Airplane cabins, which have cool, dry, low-pressure air, can cause dehydration and susceptibility to respiratory problems. Air pressure changes can lead to bloating, and long-term sitting can cause leg swelling. It’s often difficult to sleep upright in an airplane seat, especially with in-flight interruptions, so getting quality rest in transit can be challenging.
All of these factors contribute to feeling exhausted after a long flight; however, this is distinct from jet lag.
Unlike jet lag, travel fatigue does not involve circadian rhythm disruption. For that reason, while travel fatigue usually goes away after a good night’s sleep, jet lag can persist for days or weeks until a person’s internal clock becomes realigned.
It is possible to have both travel fatigue and jet lag after a long-haul flight, but jet lag is far more likely to cause lasting and extensive symptoms.
How Can You Prevent or Reduce Jet Lag?
Jet lag can have ruinous effects on a vacation, business trip, or athletic competition. As a result, travelers of all kinds strive to minimize the effects of jet lag.
The key to preventing and reducing jet lag is quickly realigning your circadian rhythm to synchronize with the time zone of your destination. Until this is achieved, steps can be taken to manage symptoms.
For very short trips, you may be able to avoid jet lag by scheduled activities, including sleep, to keep your circadian rhythm aligned with your home time zone. In this way, you avoid circadian disruption both during the trip and after you’ve returned home.
For travel lasting more than a few days, minimizing jet lag requires acclimating to the day-night cycle at your destination. The following sections address methods of reorienting your circadian rhythm and practical tips for reducing jet lag.
Light is the most powerful influence on circadian rhythm, and strategic light exposure may help adjust your internal clock to avoid or reduce jet lag.
The effect on circadian rhythm depends on the level and timing of light exposure. Sunlight has the highest level of illumination and the strongest circadian effects. Different types of artificial light can also influence circadian timing to a lesser degree.
Indiscriminate light exposure doesn’t resolve jet lag because the timing is critical. At certain times, light exposure can either advance or delay your internal clock.
Properly timed periods of both daylight and darkness can help sync your circadian rhythm with local time. When access to natural light is limited, light therapy lamps, also known as lightboxes, can deliver bright light exposure with greater circadian influence.
Melatonin and Sleep Aids
Melatonin is a hormone that the body produces that helps to both make you feel sleepy and govern your circadian rhythm. Melatonin is normally produced in the evening, a few hours before bedtime, but this schedule can get thrown off by jet lag.
There are both prescription medications and dietary supplements that boost the body’s levels of melatonin, and some research suggests melatonin can reduce jet lag.
Other types of sleeping pills, including prescription and over-the-counter drugs and natural sleep aids, may help you fall asleep or stay asleep, but they do not work to change your circadian rhythm. In some cases, they may even mask an ongoing case of jet lag.
Sleep aids can have side effects, including a heightened risk of falls and accidents if they increase drowsiness. Before taking melatonin or any other sleep medication, it’s best to consult with a doctor, ideally prior to your trip, to discuss the benefits and risks pertaining to your specific situation.
Pre-Adjusting Your Internal Clock
Some methods of preventing jet lag are based on modifying your sleep schedule in the days leading up to your trip so that when you arrive at your destination there is less of a discrepancy between your circadian rhythm and the local time.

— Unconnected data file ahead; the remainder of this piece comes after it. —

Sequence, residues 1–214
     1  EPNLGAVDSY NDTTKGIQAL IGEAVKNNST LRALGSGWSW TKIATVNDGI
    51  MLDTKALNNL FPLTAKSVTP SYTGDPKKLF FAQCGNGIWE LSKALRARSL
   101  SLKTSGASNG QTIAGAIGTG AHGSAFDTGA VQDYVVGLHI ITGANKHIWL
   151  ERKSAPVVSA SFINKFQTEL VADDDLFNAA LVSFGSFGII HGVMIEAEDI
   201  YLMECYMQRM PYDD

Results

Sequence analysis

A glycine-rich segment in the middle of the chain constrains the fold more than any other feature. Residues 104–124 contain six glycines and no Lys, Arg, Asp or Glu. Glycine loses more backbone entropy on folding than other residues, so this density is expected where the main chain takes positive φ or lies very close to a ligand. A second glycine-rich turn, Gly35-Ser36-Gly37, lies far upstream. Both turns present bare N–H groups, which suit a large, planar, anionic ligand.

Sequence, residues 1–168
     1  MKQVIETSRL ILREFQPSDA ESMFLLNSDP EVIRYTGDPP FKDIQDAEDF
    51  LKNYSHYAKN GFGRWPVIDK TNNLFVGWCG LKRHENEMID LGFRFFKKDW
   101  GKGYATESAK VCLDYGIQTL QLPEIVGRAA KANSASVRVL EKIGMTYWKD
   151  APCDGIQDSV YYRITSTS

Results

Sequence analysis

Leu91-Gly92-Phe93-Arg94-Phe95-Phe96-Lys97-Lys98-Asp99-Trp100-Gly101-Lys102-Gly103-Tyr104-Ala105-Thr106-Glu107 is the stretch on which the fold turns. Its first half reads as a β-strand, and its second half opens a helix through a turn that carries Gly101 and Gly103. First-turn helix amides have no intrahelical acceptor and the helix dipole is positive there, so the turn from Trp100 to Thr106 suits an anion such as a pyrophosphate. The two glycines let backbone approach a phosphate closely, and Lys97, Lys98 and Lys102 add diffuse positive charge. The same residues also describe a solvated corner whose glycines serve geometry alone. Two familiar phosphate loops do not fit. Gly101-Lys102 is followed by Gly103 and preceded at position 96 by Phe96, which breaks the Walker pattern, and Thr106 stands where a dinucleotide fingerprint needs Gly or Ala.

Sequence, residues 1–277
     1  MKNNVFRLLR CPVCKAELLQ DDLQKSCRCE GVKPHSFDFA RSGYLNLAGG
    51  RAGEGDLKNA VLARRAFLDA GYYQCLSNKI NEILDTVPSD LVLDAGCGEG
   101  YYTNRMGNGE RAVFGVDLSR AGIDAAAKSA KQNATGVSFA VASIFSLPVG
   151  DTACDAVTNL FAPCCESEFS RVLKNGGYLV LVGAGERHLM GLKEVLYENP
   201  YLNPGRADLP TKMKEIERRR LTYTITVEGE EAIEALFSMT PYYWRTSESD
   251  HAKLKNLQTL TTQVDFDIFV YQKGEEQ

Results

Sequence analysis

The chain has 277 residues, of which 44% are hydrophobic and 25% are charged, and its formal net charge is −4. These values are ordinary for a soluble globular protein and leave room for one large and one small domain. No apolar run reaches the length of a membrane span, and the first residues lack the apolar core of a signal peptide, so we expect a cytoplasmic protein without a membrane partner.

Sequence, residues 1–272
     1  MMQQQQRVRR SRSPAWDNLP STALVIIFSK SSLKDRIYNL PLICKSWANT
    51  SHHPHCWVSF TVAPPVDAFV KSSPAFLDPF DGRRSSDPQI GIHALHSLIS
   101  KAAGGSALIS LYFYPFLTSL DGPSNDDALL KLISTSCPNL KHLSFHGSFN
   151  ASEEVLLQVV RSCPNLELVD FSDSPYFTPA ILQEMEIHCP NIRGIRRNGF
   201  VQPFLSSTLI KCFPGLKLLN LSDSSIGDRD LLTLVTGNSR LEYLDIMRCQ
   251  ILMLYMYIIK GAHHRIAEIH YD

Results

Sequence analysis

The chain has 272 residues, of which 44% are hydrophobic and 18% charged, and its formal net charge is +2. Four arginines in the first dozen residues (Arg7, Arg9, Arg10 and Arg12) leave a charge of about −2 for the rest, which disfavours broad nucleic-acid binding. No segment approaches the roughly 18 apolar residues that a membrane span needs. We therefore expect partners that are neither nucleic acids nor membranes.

In addition to changing your bedtime, this approach often involves carefully timed melatonin and light exposure to proactively alter your circadian rhythm.
While this approach may be beneficial in some cases, it may not be practical depending on your daily schedule, and professional, family, and social obligations.
Creating a Plan for Overcoming Jet Lag
The optimal plan to avoid jet lag depends on many factors including the direction of your flight, the number of time zones crossed, how long you will remain at your destination, and your schedule and obligations during your trip.
Taking these factors into account, you can create a personalized plan to reduce jet lag. Light and melatonin together can help you realign your circadian rhythm, but without proper timing, they can exacerbate rather than reduce jet lag.
A doctor, travel nurse, or sleep specialist may be available to help you prepare a plan for managing jet lag. Several online resources and apps can help you generate tailored schedules to help reduce jet lag based on your trip detaails.
Practical Tips for Reducing Jet Lag
A number of practical tips for before, during, and after your flight can help reduce sleep disruptions and travel fatigue so that you make the most of your trip.
- Schedule the first days of your trip: Make sure to give yourself time to sleep and follow your plan for light exposure. Build buffers into your schedule just in case you feel sluggish, and if possible, try to arrive days in advance of an important meeting or event so that you have time to acclimate.
- Minimize travel stress: Don’t wait until the last minute to pack or leave for the airport. Being in a rush can heighten stress and make your travels more difficult.
- Get quality sleep: Focus on getting quality rest for at least a few nights before your trip so that you’re not already sleep-deprived at the beginning of the trip.
- Stay hydrated: Drink water to replenish fluids and counteract the dehydration that can occur in-flight.
- Limit alcohol and caffeine: Reduce alcohol and caffeine intake on-board or skip them entirely.
- Eat smart: Reduce the risk of digestive problems by eating healthy and light. Opt for fruits and vegetables over heavy, calorie-rich, fatty snacks.
- Stand up and move: Blood clots and stiffness can occur if you are seated for too long. Walking, standing, and gently stretching a few times during the flight may reduce these risks.
- Exercise: Find time for a walk or other light physical activity. Exercising outside to receive appropriately timed daylight exposure will help recalibrate your circadian rhythm.
- Limit alcohol, caffeine, and heavy meals: Avoid excessive caffeine, alcohol, or heavy and calorie-rich meals.
- Nap with caution: Avoid the temptation to take an extra long nap. Try to keep naps less than 30 minutes and only nap eight or more hours before your planned bedtime.